May Contain Nuts: Nudity on the stage
I’ll be blunt. I enjoy the prospect of nudity, male or female I am equal opportunities, a bit too much. I think the warnings that appear on websites or via an usher’s mouth make it feel like it is a very naughty private play that the Lord Chamberlain might burst in on at any minute. Is nudity just a gimmick to get (clothed) bottoms on seats or is it often crucial to the narrative.
The recent cancellation of The Curing Room by David Ian Lee about soviet soldiers captured and stripped naked, a state they remain in throughout the play, got me considering other nudity on stage in London at the moment. It feels like you cannot look up from your gin and tonic and not see a naked person what with Cleansed (National Theatre) and Mrs Henderson Presents (Noel Coward) currently in the West End. I recently signed up as a “Supporting Artiste” and was asked would I get naked for a part. The answer is no and I think that is the root of my fascination with actors that take on roles which see them naked night after night in relatively small spaces. My immediate reaction to hearing that highly respected actors like Michelle Terry and Emma Williams were getting completely nude was “Why?” when actually I should have asked “Well, why not?” Nudity is crucial to both of their productions yet it still seems extremely brave.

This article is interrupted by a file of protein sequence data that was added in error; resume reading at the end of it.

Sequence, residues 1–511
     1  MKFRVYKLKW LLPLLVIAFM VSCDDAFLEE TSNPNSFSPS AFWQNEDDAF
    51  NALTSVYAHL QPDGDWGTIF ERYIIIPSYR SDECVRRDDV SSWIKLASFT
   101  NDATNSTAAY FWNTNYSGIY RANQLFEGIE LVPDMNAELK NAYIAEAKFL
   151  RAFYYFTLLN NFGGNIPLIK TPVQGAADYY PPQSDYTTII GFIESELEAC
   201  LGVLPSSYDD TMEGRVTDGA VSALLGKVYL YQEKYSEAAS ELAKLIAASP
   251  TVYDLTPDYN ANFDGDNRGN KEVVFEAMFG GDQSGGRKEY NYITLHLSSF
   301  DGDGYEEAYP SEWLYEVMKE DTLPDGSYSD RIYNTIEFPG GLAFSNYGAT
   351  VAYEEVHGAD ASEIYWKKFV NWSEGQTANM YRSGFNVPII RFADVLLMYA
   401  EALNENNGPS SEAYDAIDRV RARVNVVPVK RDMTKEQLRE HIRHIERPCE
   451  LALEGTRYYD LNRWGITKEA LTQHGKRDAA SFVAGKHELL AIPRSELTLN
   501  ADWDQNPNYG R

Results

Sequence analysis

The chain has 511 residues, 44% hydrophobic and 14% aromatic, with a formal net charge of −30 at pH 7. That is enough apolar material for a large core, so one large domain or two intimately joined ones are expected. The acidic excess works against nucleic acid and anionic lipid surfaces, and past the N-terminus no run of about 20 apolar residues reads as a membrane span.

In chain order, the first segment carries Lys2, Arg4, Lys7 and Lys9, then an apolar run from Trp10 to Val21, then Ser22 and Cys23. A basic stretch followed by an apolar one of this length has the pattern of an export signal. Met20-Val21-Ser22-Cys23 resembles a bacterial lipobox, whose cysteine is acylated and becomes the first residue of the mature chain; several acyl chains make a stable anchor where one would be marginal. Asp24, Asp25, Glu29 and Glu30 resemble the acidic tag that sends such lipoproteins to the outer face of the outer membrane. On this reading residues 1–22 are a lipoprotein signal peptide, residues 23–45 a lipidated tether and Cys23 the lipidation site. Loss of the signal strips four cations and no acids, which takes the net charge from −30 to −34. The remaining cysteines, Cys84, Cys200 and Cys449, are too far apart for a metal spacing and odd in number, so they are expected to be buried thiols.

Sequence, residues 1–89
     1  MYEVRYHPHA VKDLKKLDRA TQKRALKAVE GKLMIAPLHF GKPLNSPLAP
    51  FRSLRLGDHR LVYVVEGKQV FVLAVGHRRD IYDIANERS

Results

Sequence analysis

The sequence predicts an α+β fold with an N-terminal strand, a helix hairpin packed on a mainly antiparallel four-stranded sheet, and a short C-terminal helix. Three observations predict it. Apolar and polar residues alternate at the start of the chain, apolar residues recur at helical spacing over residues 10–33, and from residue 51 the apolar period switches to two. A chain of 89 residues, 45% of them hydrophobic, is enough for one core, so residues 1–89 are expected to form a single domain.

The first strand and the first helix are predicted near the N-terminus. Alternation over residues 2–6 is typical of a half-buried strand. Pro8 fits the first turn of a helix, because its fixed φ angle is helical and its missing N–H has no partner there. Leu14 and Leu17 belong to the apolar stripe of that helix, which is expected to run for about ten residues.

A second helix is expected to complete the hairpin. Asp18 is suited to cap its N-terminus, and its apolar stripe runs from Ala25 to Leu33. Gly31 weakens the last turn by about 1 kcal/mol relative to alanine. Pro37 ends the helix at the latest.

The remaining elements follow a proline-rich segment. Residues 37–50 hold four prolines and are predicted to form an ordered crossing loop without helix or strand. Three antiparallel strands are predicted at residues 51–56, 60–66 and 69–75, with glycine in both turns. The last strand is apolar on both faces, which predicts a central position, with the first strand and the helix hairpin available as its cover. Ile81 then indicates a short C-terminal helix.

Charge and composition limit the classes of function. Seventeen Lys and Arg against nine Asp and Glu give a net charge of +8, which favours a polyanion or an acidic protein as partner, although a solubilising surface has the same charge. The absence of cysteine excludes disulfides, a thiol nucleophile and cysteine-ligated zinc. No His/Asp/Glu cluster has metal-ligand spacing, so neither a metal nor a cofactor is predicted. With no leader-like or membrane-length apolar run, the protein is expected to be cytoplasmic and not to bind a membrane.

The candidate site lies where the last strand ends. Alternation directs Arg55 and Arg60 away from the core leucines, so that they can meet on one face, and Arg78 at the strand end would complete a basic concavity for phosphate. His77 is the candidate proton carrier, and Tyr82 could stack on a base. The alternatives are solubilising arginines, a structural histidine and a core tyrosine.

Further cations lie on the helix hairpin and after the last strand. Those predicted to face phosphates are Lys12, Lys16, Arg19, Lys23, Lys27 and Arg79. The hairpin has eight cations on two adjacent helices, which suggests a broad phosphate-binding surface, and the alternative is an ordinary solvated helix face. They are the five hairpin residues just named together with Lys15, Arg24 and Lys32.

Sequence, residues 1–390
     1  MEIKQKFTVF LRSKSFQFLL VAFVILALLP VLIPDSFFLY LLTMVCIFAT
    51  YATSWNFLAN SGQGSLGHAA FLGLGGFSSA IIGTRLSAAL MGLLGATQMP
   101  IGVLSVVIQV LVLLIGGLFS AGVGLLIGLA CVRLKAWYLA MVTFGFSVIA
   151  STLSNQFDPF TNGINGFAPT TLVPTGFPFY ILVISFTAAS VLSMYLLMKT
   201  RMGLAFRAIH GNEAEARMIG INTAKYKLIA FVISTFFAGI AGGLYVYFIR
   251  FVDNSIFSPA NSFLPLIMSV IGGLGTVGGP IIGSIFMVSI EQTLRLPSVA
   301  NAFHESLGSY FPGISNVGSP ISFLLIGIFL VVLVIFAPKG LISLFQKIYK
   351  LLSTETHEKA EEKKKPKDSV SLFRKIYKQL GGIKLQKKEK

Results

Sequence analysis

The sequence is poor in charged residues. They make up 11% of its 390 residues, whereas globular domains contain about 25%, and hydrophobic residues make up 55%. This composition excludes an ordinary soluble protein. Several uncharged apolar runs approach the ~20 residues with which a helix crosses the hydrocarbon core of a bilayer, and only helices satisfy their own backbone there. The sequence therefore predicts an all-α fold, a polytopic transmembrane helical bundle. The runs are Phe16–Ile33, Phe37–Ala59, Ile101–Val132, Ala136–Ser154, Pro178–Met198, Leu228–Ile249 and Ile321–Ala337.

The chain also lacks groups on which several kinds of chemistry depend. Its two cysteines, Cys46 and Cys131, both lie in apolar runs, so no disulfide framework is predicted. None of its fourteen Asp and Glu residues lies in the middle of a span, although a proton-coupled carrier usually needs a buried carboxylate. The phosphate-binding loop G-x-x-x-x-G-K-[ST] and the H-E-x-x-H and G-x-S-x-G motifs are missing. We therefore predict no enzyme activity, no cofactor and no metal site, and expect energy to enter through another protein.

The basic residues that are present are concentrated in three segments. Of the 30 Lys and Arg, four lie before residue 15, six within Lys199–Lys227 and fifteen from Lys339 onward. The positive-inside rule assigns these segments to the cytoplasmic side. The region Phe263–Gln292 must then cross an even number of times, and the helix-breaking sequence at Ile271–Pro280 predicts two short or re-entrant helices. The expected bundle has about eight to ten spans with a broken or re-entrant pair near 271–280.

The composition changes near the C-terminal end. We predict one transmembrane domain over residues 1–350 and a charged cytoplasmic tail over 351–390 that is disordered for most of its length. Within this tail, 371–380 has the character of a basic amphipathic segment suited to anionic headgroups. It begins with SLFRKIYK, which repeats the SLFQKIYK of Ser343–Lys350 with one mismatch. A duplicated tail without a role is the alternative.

Actors get naked on screen all the time, even a respected actor like Mark Rylance did full front nudity in Intimacy (2001) but on the stage it feels really personal and for some audience members a bit embarrassing “I didn’t know where to look!” I was told in a twitter conversation about the recent The Judas Kiss revival with Rupert Everett and Freddie Fox. It featured the gorgeous and rather well endowed Tom Colley walking around stage, completely nude. That sounds really indulgent but it felt right for the story of Oscar Wilde, a man ultimately bought down by his quest for sexual pleasure and it came from the pen of David Hare-a playwright not known for adding nudity for no reason.
Richard Eyre’s Little Eyolf recently added a nude scene where there wasn’t one in the text. The majority of the audience would probably have been unaware as it worked so well but I did see it described as “gratuitous” but when there are some very dodgy casting calls, just see @ProResting on twitter for some examples. I think a professional director would not add a nude scene unless it was absolutely necessary. I think theatre audiences expect any nudity to have context, or they are just keen to see their favourite actor naked…